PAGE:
Delete
  3. Looks like you have had a wonderfuly seccessful harvest and I enjoyed seeing how you are preserving your tomatoes. We bottle our sauce differently in the U.S. so it is always fascinating for me to see how people outside this country do it.

    ReplyDelete
    Replies
    1. Mr H - I'd love to know how you bottle your sauce :)

      Please, don't take me as normal - others in South Africa probably use the same method (pressure canning?) as you. I'm just bumbling along using my solar oven, but it seems to work, so why change...? :)

      Delete
  4. Your solar oven is so intriguing. You not normal? ;) Why you're just writing life as you live it! The best way to live .. blazing ahead of the pack with energy saving ways. Keep on inspiring the pack following behind :)

    ReplyDelete
    Replies
    1. Mrs Mac - LOL - you're too kind. I AM off the wall, but as you say, if I'm forging ahead of the pack with regards to solar preserving, then so be it - someone has to do it...

      I will ALWAYS share what I try / learn - otherwise, what is the point? And, if it doesn't work, well, you'll all be the first to know.

      Delete
  5. You know... I passed a garden last summer and saw T-posts in a tomato patch strung along the top with heavy cords. I wonder if they supported theirs the same way you suggest. I think I'll give it a go this summer! BTW I thought about buying a solar oven just to do the canning outside and keep it cool inside! I've never tried drying tomatoes. (add to list)

    PS...I posted "how to" on my blog to get rid of WV if you still want to.

    ReplyDelete
    Replies
    1. Tami - Thanks - I switched back to the old Blogger and disabled word verification. Cool - thanks again :)

      If you have the weather, go for it. I've never regretted buying my solar oven - not once :) Not sure if my "canning" is legal in the US but it certainly works for me. As a test I kept one of my solar bottled (cocktail) tomatoes from last year - and it's still perfect :)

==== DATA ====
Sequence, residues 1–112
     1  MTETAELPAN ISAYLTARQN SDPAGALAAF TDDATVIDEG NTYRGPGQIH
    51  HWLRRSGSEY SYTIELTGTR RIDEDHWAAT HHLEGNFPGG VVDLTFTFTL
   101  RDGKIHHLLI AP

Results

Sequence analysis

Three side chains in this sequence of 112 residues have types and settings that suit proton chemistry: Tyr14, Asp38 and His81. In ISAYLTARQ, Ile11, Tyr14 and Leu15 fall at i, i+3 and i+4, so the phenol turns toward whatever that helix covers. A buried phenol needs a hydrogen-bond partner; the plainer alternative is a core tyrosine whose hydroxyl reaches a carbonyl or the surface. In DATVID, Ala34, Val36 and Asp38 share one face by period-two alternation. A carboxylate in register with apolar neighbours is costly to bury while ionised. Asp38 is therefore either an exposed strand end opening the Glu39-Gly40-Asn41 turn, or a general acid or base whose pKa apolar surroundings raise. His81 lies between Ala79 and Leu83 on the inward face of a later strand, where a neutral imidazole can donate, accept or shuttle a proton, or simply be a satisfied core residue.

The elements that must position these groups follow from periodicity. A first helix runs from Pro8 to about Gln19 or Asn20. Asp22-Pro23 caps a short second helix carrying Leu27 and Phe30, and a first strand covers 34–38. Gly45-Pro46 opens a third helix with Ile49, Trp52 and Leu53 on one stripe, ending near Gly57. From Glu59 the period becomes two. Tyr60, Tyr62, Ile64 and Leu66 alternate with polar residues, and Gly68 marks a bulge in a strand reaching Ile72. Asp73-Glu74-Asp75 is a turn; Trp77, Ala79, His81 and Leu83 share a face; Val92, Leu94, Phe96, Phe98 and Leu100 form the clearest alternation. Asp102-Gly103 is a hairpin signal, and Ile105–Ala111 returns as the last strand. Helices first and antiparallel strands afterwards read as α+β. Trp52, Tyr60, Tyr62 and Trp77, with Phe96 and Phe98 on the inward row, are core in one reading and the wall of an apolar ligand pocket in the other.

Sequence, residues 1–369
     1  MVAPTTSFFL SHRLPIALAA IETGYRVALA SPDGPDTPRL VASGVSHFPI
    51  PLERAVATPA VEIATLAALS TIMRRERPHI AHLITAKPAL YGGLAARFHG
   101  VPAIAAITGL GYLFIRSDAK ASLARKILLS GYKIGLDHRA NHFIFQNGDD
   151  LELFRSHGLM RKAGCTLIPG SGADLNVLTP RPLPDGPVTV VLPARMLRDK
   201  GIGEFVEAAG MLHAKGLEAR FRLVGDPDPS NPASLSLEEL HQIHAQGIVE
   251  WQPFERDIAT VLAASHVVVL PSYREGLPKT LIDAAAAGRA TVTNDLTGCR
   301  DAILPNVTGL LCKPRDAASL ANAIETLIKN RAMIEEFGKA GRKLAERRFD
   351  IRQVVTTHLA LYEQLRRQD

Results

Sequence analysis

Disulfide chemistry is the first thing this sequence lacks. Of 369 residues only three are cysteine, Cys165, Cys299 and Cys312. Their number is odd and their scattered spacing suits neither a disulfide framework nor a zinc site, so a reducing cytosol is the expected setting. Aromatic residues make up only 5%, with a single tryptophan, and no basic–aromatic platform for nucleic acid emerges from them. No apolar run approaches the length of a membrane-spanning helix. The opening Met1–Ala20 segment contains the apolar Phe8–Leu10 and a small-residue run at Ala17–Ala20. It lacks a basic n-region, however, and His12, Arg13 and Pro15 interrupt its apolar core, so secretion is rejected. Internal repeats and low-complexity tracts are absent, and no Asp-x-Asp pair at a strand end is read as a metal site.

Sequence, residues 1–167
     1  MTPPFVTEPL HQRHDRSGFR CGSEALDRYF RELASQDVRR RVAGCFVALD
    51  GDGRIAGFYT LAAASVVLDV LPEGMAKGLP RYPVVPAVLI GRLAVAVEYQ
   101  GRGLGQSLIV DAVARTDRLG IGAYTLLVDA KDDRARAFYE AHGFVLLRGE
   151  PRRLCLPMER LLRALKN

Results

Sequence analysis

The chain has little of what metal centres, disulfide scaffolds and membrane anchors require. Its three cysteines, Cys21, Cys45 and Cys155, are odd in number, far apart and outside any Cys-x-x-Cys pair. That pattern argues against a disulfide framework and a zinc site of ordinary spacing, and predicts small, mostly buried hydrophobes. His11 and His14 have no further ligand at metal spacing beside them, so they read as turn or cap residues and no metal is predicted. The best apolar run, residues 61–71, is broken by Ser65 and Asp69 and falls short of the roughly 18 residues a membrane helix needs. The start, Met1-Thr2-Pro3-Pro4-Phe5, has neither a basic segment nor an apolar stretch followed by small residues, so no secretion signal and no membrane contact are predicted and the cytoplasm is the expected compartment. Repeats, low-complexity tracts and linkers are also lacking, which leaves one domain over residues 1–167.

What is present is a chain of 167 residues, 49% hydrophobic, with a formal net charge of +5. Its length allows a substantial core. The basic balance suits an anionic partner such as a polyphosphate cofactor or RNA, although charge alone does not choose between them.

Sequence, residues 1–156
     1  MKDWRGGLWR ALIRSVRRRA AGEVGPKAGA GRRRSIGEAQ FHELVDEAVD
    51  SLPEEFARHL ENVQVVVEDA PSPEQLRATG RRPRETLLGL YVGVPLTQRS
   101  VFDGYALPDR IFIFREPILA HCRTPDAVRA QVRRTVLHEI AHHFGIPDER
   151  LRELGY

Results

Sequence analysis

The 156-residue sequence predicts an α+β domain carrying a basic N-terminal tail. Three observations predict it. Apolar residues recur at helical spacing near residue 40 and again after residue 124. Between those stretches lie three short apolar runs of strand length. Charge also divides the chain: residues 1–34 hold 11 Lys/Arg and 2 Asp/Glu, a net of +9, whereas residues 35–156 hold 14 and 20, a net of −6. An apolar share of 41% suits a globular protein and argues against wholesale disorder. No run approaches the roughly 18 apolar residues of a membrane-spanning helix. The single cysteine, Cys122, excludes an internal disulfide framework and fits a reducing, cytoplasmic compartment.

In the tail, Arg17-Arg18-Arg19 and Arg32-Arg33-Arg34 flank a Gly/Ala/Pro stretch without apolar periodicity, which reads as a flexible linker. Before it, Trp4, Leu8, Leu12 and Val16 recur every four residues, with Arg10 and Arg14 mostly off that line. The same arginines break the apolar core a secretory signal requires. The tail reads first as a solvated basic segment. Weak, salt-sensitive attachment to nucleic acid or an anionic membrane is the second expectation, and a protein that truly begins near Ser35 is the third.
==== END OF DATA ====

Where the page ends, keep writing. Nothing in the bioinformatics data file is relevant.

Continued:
Delete
  6. I agree with Mr H., if our Department of Agriculture saw you reusing those types of jars and lids, not to mention that much head space left in the jar, they would flip :) We have very specific rules here for preserving. Some are good, some are ridiculous. Just be careful because you can not taste or smell some of the deadliest bacteria that can survive in preserved jars.

    ReplyDelete
    Replies
    1. Jane - Yeah - You've got me on the re-using of the two jar lids and the two bottles. Although I thoroughly sterilized them, and their lids, I was naughty...

      But, with the head space, those particular jars were (as per the recipe) filled to the absolute brim when they went into the solar oven - the tomatoes "collapsed" during the cooking process thus sinking down to 6/8ths full.

      And the tomato ketchup - again - I did re-use sterilized vinegar bottles. They are kept in the fridge, and, again as per the recipe, will be used within 3 months.

      Thanks for your warning, I appreciate it and your concern. :)

      Delete
  7. I feel very inadequate as other than eating tomatoes, all I make with mine is pasta sauce..........

    Gill in Canada

    ReplyDelete
    Replies
    1. Gill - LOL - tomatoes are my very best fruit - couldn't imagine a day without them...

      Delete
  8. Hi Dani
    I worked on the solar cooker pilot where the German government paid millions to test eight German models of solar cooker and let us throw one SA model in. We did user testing for two years in Huhudi, Onseepkans and Barley West (ie. where its hot enough to fry an egg on your head) and surprise, surprise, the SA model came up trumps!! The SunStove then went into commercial production with the best performing German model

    ReplyDelete
    Replies
    1. EB - My first solar oven was a SunStove, but I found the temperature didn't reach higher than a max of 1005oC, which was very limiting.

      You lucky girl - I would've loved to be involved with that test!

      Delete
  9. I'm with Gill - That British Woman, I feel inadequate because at least she can make pasta sauce but I can't make anything :(

    I so admire all the hard work you put into your garden and are now reaping the fruits of your labor. I can not believe how many tomatoes you harvested.

    You are a real inspiration!

    ReplyDelete
  10. Ms Belinda - Thanks - I, too feel very grateful. It could've all gone so horribly wrong, and instead I have all these absolutely wonderful vegetables.

    I was like you - all it takes is some investigation, reading up, very welcome advice from fellow gardeners. Why not try growing just one tomato plant - you'll feel so rewarded when you harvest it's fruit and can eat it in a salad or on a burger:)

    ReplyDelete
  11. I had to do a search to find out what aubergine was. It all looks so yummy!

    ReplyDelete
    Replies
    1. Sorry Frann - I normally give the common word - I didn't this time. They are very yummy!

      Delete
  12. Hi Dani

    Please can you tell me where you bought your Solar oven?

    ReplyDelete
    Replies
    1. Andre - Welcome - thanks for hitting the follow button. Please let me have your e-mail address and I'll give you the info :)

      Delete

Thank you for taking the time to comment - it makes my day.

I have de-activated Word Verification, but if the spam floods back again, then I will be reactivating it.